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09/24/2013 / accfiber

Double Weave Madness!

Hello all you Fiber Art lovers out there! My name is Jessica Hagar and I am currently a Fibers student taking the weaving 2 class at the Craft Center. I would like to share with everyone just how excited I am about this semester and what I have been working on.  I hope that you will follow along with me throughout the semester as I plan to continue blogging about all of my discoveries and accomplishments.

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It has begun! My first sampler of the semester. I am exploring a few of the many possibilities with Double weave.

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Currently, I am working on a tubular structure through the double weave process in which two layers of fabric are woven at the same time. I have also discovered how to incorporate an overshot pattern that is continuous around the tube.  Overshot is a way of incorporating different sizes of yarn. The smaller yarn creates the structure of the weave while the larger is used as a pattern yarn so that the design stands out. This is the first time I have attempted this and am very excited to see my pattern being created on both sides of the fabric.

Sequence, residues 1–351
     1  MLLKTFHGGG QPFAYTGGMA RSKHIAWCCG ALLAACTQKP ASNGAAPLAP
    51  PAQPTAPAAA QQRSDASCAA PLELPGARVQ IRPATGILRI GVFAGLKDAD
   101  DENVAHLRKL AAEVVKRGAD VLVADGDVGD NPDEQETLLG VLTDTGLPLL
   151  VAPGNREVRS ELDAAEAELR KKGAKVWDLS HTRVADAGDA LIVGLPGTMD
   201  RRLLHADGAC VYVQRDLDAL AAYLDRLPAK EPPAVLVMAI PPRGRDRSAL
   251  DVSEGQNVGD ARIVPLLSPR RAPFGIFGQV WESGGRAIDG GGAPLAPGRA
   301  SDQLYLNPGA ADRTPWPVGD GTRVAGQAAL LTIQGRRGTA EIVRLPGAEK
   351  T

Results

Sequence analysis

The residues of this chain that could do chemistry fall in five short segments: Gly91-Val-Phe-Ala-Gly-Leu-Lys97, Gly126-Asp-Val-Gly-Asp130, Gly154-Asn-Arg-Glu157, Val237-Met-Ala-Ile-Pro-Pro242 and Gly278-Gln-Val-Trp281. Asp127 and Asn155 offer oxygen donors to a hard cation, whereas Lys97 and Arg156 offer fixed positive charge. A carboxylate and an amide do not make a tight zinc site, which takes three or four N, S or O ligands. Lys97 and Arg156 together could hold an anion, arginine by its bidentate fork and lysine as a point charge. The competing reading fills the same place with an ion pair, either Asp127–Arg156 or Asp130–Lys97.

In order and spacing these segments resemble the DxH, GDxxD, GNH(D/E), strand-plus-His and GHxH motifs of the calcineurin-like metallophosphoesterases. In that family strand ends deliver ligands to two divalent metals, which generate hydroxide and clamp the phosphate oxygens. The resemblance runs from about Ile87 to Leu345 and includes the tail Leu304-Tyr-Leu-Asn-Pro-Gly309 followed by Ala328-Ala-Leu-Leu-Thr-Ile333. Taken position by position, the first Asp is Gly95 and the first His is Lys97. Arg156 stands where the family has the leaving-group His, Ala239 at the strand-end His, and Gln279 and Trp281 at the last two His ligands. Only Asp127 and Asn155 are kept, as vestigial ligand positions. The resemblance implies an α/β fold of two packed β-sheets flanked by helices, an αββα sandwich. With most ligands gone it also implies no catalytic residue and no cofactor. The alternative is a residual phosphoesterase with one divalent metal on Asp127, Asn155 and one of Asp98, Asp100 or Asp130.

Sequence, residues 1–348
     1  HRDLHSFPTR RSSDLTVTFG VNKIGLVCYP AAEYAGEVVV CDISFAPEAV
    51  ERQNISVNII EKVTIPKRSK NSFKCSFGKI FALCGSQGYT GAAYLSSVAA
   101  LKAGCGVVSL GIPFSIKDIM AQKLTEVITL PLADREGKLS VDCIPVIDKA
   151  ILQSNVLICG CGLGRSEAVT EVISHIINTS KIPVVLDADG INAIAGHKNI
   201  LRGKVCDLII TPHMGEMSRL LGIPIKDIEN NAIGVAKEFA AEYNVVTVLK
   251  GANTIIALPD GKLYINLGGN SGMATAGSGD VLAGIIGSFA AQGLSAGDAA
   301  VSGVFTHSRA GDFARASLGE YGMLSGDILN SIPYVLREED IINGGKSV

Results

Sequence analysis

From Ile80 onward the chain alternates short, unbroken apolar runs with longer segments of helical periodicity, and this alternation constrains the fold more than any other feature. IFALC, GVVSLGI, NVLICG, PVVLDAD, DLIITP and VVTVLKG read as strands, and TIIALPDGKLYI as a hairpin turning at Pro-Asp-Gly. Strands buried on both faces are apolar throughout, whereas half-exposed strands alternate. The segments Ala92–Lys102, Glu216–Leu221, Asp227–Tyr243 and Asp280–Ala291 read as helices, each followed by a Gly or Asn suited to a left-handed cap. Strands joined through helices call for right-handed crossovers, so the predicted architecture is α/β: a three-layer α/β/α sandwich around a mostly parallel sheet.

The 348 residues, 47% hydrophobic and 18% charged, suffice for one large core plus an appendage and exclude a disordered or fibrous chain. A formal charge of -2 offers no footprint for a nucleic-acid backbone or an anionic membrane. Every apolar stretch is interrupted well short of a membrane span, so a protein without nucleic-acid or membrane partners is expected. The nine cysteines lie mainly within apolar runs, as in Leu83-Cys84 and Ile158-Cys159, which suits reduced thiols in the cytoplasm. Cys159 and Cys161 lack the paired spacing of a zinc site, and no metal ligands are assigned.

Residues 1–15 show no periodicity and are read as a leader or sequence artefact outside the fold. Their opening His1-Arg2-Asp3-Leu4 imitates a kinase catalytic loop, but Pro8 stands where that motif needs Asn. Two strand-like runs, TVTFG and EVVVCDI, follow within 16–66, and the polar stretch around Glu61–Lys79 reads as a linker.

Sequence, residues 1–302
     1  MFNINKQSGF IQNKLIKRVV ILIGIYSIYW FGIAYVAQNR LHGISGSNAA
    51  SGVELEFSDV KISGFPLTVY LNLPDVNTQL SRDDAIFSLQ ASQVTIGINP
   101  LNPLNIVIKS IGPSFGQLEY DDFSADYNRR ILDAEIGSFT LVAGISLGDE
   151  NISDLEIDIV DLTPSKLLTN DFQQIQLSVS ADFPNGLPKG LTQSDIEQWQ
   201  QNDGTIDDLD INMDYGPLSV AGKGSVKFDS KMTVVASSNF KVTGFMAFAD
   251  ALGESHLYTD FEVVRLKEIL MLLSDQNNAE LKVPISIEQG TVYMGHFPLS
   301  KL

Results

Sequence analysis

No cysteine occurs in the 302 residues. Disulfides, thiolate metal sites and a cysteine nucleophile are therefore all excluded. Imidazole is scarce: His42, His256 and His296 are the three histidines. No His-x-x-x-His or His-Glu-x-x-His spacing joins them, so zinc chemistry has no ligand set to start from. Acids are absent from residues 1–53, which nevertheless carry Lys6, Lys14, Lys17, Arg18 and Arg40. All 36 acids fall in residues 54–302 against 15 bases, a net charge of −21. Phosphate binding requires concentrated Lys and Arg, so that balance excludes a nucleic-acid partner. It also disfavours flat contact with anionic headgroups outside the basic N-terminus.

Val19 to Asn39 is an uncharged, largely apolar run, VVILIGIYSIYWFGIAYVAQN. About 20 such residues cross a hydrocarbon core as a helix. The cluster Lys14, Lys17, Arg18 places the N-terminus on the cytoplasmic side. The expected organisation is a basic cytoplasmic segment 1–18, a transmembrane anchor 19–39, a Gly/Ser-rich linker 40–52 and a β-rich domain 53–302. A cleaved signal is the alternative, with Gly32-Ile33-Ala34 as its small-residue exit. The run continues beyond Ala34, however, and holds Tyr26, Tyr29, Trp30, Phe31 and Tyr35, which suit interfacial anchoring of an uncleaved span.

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A really great source of how the double weave tube is created can be found in this double weave book by Ursina Arn-Grischott.  The tube is formed by connecting the selvedges of the top and bottom layers using one continuous shot of weft.

Tubular textiles were made by weavers long ago for things such as bags, fire hoses, and hats. It is great if you are wanting to avoid sewing lengths of fabric together for things such as tablecloths and curtains. Industrial weaving has used tubular techniques for years to produce many of their products (Grischott). Here are some great examples of woven tubular structures:

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Here is also a great draft to show how the tube is formed. This can be a very useful visual in understanding a tubular structure.

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I am also attempting to incorporate 26 gauge copper wire into my sample’s weft. I plan to use this for my next project.

 

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I am hard at work putting together my first project and my board of inspiration is quickly filling up.

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I am interested in creating a sculptural piece focusing on how a 3-dimensional structure can mimic the qualities of line and how I can use that to make a visually intriguing piece of art through the use of color, form, and light.

Thanks for visiting! Check back soon to see my progress.

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